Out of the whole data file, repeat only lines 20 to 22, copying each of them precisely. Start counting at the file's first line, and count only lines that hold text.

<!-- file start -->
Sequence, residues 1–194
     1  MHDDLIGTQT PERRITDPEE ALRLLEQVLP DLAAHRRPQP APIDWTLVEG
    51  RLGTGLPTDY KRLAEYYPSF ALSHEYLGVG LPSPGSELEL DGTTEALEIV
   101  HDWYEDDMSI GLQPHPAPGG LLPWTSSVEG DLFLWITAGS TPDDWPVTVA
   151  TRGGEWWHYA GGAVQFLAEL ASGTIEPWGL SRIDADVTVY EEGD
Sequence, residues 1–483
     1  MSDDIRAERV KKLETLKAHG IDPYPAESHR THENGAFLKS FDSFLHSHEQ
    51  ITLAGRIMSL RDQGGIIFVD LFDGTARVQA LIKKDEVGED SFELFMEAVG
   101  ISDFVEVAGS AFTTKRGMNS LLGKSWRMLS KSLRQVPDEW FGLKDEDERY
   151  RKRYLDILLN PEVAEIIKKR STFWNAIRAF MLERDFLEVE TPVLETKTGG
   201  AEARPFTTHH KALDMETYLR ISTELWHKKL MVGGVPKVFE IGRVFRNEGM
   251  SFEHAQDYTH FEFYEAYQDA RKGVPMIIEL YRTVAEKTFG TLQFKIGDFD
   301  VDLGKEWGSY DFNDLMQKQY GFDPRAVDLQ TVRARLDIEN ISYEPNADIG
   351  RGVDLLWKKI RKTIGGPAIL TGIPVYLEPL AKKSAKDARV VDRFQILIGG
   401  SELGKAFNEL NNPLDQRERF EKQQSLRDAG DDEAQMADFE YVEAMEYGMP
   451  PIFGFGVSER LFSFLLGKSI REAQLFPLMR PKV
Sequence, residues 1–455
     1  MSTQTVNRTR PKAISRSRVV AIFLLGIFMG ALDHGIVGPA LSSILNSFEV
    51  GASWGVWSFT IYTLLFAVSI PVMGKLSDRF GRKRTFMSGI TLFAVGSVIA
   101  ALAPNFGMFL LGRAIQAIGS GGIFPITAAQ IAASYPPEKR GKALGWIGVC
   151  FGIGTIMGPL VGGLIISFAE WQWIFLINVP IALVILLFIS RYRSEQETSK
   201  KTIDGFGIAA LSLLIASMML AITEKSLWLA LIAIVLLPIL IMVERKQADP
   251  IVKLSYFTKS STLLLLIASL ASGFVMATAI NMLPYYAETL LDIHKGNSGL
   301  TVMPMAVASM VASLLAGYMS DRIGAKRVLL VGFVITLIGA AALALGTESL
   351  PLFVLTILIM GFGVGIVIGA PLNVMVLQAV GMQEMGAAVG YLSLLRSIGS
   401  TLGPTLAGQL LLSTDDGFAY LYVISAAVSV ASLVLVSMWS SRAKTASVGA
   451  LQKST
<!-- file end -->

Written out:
   101  ALAPNFGMFL LGRAIQAIGS GGIFPITAAQ IAASYPPEKR GKALGWIGVC
   151  FGIGTIMGPL VGGLIISFAE WQWIFLINVP IALVILLFIS RYRSEQETSK
   201  KTIDGFGIAA LSLLIASMML AITEKSLWLA LIAIVLLPIL IMVERKQADP